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Wednesday, February 22, 2012

"Dad, you would have to give up your job for Lent."

We can all use a little positive feedback now and then. I have certainly been preaching it's benefits when it comes to raising our kids but it is particularly gratifying when a little bit comes back my way.

My son came home from school today and started talking about Lent.  Apparently it began today, Februrary 22nd, and a few of his Christian friends were discussing the challenges of coming up with something to sacrifice during the next 40 days.  The usual necessities like chocolate, video games or TV were soon discarded as unreasonably harsh.  Giving up homework or math turned out to be the more popular deprivations among the 5th graders.  I am not sure how their parents will react to those suggestions though.

I asked my son what he would give up if we were to follow this particular religious tradition.  Would he give up ice cream or maybe agree not to play Angry Birds?  He brushed off the question and after a few seconds looked up at me and suddenly said, "Dad, you would have to give up your job for Lent."

The first response that popped into my head was, "Give up my job? That would't be too hard to do." Then a moment later, before I made the mistake of speaking my mind, I realized, "My son thinks I like my job so much that it would be a sacrifice worthy of Lent to give it up!".  While I do love my jobs (recruiter, teacher, board member, writer) and am grateful that I can do something I enjoy to make a living, giving them up would not necessarily qualify as denial in the strictly canonical sense.  However, I was thrilled that I have been able to make such an impression on my son.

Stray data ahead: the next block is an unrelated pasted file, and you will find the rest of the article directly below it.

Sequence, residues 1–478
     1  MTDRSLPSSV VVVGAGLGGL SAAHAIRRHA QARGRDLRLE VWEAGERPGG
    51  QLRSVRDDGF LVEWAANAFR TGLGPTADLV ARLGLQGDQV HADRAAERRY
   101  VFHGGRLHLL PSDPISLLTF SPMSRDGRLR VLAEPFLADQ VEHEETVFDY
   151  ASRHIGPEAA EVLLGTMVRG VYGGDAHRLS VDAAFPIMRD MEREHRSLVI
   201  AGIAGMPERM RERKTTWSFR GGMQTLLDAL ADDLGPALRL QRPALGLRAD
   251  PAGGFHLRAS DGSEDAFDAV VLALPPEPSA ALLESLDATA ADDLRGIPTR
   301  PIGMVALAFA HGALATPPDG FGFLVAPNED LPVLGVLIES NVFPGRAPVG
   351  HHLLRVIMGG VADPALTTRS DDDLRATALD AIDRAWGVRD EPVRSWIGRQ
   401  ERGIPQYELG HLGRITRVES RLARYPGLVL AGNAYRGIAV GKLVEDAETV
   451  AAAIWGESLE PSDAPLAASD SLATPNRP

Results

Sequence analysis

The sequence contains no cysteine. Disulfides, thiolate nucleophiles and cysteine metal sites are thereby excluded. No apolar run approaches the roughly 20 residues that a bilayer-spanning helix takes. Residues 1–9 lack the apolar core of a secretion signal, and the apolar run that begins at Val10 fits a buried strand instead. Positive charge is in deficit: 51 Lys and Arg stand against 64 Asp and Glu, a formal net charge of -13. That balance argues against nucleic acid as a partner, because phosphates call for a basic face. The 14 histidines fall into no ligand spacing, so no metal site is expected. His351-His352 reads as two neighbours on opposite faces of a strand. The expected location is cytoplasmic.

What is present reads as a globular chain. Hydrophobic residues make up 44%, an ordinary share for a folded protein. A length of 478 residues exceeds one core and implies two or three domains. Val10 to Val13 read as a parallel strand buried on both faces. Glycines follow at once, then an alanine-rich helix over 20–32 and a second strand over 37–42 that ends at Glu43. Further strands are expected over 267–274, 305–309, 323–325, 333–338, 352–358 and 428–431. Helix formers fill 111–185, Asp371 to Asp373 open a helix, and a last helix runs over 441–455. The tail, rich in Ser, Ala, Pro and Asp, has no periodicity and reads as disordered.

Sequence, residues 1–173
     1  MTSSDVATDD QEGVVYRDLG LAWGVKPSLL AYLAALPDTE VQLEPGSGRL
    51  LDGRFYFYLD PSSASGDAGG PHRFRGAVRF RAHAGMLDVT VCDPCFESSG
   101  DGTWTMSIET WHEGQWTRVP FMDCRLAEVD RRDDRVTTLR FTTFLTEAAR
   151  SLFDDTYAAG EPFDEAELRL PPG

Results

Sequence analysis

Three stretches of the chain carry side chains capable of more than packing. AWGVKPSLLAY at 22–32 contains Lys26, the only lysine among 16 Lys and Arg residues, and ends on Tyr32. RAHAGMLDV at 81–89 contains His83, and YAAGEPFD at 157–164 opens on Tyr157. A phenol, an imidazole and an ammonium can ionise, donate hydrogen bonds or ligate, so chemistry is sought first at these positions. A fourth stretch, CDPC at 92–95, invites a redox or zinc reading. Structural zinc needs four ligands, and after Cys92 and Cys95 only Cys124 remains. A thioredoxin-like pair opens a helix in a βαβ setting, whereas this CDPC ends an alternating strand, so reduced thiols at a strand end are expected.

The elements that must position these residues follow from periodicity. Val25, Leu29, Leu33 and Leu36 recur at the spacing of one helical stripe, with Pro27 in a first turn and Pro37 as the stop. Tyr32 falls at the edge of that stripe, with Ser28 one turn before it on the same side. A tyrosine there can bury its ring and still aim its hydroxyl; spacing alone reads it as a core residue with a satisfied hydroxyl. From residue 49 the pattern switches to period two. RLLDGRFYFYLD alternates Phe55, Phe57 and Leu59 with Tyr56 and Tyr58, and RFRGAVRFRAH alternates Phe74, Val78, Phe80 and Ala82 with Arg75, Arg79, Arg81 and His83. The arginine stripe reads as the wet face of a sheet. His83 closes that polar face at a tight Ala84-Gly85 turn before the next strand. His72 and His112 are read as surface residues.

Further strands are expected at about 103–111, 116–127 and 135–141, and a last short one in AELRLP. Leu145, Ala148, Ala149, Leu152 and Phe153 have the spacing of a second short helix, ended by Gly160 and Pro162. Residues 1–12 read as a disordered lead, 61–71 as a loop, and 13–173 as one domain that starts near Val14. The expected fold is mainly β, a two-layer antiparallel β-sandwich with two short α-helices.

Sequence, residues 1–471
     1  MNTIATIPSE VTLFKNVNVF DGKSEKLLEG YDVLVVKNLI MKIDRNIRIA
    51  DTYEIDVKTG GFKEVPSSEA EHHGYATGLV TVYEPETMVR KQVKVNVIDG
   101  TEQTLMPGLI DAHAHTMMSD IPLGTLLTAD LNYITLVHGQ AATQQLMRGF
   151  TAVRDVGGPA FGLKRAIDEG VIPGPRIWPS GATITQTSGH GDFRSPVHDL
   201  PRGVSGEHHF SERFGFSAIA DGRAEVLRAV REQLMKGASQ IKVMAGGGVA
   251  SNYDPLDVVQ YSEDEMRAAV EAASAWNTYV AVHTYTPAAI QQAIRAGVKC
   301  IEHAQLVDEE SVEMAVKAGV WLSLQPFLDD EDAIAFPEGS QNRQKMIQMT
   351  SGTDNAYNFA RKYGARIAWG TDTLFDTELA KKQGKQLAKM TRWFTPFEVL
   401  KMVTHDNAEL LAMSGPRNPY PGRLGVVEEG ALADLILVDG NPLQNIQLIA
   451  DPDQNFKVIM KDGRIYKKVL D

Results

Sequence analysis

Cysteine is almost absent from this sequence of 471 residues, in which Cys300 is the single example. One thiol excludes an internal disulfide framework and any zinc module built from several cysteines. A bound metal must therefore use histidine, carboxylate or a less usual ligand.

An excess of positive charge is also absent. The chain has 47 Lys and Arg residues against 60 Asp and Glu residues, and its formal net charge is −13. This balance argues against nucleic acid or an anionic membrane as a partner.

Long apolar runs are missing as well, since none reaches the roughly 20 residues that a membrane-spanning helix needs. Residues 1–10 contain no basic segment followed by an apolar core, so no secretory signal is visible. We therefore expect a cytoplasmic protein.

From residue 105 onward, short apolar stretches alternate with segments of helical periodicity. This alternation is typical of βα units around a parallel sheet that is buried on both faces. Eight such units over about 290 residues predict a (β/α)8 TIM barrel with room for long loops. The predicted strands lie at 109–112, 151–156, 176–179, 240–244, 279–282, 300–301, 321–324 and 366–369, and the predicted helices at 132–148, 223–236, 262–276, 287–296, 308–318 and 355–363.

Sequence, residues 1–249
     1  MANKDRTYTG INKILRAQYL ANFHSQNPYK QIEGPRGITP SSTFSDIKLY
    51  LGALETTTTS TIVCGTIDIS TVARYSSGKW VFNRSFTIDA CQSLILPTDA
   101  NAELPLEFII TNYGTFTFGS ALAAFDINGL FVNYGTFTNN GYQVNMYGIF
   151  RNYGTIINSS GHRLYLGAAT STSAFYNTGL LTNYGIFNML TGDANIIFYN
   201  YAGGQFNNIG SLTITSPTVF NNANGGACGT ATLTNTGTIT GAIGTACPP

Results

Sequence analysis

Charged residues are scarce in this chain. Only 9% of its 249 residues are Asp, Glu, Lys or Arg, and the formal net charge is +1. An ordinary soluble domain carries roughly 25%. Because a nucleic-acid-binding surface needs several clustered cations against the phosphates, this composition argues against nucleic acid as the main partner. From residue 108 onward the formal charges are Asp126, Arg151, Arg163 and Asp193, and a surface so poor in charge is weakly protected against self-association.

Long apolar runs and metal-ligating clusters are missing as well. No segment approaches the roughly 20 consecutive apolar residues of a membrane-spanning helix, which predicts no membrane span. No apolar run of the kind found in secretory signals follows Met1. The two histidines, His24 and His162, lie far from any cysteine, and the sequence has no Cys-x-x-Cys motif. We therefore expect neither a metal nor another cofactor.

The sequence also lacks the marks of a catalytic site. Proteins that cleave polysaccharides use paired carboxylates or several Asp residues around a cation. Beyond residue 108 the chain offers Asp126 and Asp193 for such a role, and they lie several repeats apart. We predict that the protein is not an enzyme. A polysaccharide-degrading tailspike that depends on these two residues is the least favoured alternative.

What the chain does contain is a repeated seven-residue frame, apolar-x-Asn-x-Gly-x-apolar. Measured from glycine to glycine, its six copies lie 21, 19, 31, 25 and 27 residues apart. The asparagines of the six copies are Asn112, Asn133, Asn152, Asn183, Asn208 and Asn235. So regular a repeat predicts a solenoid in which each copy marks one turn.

How many kids out there are growing up listening to Mom and/or Dad complain on a regular basis about their crappy jobs and tyrannical bosses.  As our children grow into young adults, what will be their view of work and careers?  Will it be something to look forward to with enthusiasm as the next step in a fullfilling and exciting life?  Or will they fear the coming 40 to 50 years as ones of drudgery and imprisonment.  And, when they fear it, how enthusiastically will they prepare for it?

We parents all know that work is never good or bad all the time.  There will always be days when nothing seemed to work out well and it feels like it will be more of the same tomorrow.  Sharing only the good with our kids is a disservice to them as it will not equip them for their futures.  Likewise, exposing them only to the complaints is going to dampen their motivation.  Employers want young people with enthusiasm, energy and optimism.  Setting an example by visibly enjoying our lives (including work) can help to encourage that attitude in our kids.

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